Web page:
There are usually two rainy seasons in northern Tanzania where we work: vuli is the name for the shorter showers in November and December, and masika is the long, soaking season from March to May. Masika is a crucial time of year for saving the rain. Now usually is when the skies burst open and fill our rainwater harvesting tanks with enough to tide everyone over to vuli.

But last year was plagued by drought.

By October, we had turned our energies to emergency food donations. Crops had failed, food prices soared, and hunger was a wolf at the door. Instead of delicious anticipation, the wait for rain is anxious, clouded by desperation. People need a good harvest this year. Their lives depend on it. 

We squint up at the brilliant blue sky, and the sun beams back. Restless dust settles momentarily before billowing up again. Women walking for water cover their eyes, nose, and mouth whenever a car passes, ensconcing them in clouds that bear the opposite of rain. The only moisture the earth receives is sweat from their brows as they turn the parched land, preparing fields for planting in case the rain arrives. 

The worry and tension have been building.

The difficulty of the last year has put a dent in people’s faith. It’s hard not to read the harshness as punishment of some sort. So many prayers have been said. They must be gathering in the clouds, making them heavy enough to come back down to earth in the form we need them the most…surely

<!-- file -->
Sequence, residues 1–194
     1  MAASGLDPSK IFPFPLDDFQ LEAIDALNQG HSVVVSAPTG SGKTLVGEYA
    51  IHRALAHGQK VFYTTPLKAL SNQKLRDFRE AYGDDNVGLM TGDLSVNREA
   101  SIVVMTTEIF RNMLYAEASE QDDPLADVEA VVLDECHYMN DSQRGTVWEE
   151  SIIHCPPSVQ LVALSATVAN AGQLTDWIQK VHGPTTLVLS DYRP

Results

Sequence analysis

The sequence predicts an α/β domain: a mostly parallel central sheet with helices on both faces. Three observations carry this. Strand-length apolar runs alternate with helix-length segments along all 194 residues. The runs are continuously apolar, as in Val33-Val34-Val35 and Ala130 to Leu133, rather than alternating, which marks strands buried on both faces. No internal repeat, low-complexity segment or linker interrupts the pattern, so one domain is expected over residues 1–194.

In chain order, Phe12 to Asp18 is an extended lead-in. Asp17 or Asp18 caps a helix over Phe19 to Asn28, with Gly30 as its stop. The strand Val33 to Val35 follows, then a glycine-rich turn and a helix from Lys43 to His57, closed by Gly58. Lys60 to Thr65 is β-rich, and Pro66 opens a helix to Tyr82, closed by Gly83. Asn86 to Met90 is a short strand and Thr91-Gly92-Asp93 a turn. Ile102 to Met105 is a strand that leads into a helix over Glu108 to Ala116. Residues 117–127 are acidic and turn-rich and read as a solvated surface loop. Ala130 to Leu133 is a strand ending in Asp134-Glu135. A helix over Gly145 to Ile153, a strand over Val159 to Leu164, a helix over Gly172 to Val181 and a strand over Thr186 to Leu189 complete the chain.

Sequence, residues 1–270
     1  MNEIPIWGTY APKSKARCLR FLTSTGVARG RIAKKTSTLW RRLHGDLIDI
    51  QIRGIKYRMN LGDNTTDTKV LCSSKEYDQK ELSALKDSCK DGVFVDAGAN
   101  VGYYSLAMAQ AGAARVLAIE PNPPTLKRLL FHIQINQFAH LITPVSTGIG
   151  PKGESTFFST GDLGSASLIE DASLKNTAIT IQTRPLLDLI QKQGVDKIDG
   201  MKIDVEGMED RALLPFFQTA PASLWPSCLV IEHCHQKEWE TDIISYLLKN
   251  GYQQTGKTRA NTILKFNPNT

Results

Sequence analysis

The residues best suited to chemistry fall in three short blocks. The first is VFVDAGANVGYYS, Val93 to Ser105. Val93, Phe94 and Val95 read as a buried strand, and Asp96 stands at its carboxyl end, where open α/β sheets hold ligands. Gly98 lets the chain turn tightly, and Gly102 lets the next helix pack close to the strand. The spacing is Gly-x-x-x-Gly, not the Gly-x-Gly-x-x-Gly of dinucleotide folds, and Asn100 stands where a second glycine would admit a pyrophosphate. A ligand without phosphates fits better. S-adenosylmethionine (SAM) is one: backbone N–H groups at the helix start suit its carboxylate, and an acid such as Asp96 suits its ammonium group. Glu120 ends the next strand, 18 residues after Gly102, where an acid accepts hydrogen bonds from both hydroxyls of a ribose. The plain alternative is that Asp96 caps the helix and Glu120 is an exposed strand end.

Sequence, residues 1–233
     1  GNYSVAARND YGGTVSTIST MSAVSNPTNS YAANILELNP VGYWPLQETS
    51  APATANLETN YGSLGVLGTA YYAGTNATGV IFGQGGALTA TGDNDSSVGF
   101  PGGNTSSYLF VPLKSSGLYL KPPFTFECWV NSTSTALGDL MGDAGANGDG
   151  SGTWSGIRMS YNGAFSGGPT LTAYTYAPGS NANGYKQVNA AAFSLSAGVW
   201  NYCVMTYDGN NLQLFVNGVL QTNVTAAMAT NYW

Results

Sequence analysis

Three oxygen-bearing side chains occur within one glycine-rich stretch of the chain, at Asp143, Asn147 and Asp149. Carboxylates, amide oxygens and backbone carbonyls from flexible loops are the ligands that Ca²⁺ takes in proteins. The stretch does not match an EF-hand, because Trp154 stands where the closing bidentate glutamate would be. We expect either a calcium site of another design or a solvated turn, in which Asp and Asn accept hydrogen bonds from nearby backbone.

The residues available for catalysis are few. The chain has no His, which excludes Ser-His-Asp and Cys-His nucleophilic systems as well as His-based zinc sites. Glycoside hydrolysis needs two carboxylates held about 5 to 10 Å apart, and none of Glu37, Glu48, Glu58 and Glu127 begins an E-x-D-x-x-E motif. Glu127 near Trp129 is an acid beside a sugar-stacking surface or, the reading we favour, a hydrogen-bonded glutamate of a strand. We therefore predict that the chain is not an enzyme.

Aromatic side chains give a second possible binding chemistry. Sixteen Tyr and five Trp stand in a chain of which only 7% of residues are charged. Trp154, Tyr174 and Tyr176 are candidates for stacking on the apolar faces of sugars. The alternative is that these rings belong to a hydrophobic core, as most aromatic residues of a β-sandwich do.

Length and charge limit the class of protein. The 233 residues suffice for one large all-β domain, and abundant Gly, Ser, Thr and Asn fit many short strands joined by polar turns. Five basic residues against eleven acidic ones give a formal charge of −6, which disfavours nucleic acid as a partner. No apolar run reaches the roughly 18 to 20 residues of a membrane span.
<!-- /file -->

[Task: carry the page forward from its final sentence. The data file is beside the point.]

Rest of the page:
A shift, a shadow, a cloud

And then, just when it seems the sun will never relinquish its dominion, there is a shift –a shadow steals over, and the temperature drops. As we look up, the tireless flat blue gives way to cumulative dimensions that darken by the second. A rumble of thunder reverberates in our chests, and the thrill of it feels like lightning. 

An almighty crack splits the sky, releasing fat, heavy drops that fall with exquisite abandon. The heavens have waited so long that there is no preamble of drizzle. We are immediately in a drenching, unequivocal downpour. 

The catharsis releases a surge of giddy energy.

Grave grownups are children again, giggling in gleeful disbelief. We run for shelter, reveling in the touch of drops that belonged to the celestial realm mere moments ago. 

Rooves made of thin tin sheets amplify the sound of the storm, rendering conversation impossible. None is needed, though. We grin wordlessly at each other, beaming wider every time the cacophony intensifies. 

The way rain falls with such generous abandon is undeniable proof of abundance. It washes scarcity away and summons forth new life. It buffers our insufficiency and permits us the luxury of a better tomorrow. 

What falls as rain manifests as food, as health, as hope.

It cleanses us of the doubts and fears that had begun to gather like dust, swirling and obscuring our vision. It affirms that we are worthy. That water is our right… and everyone should have it. 

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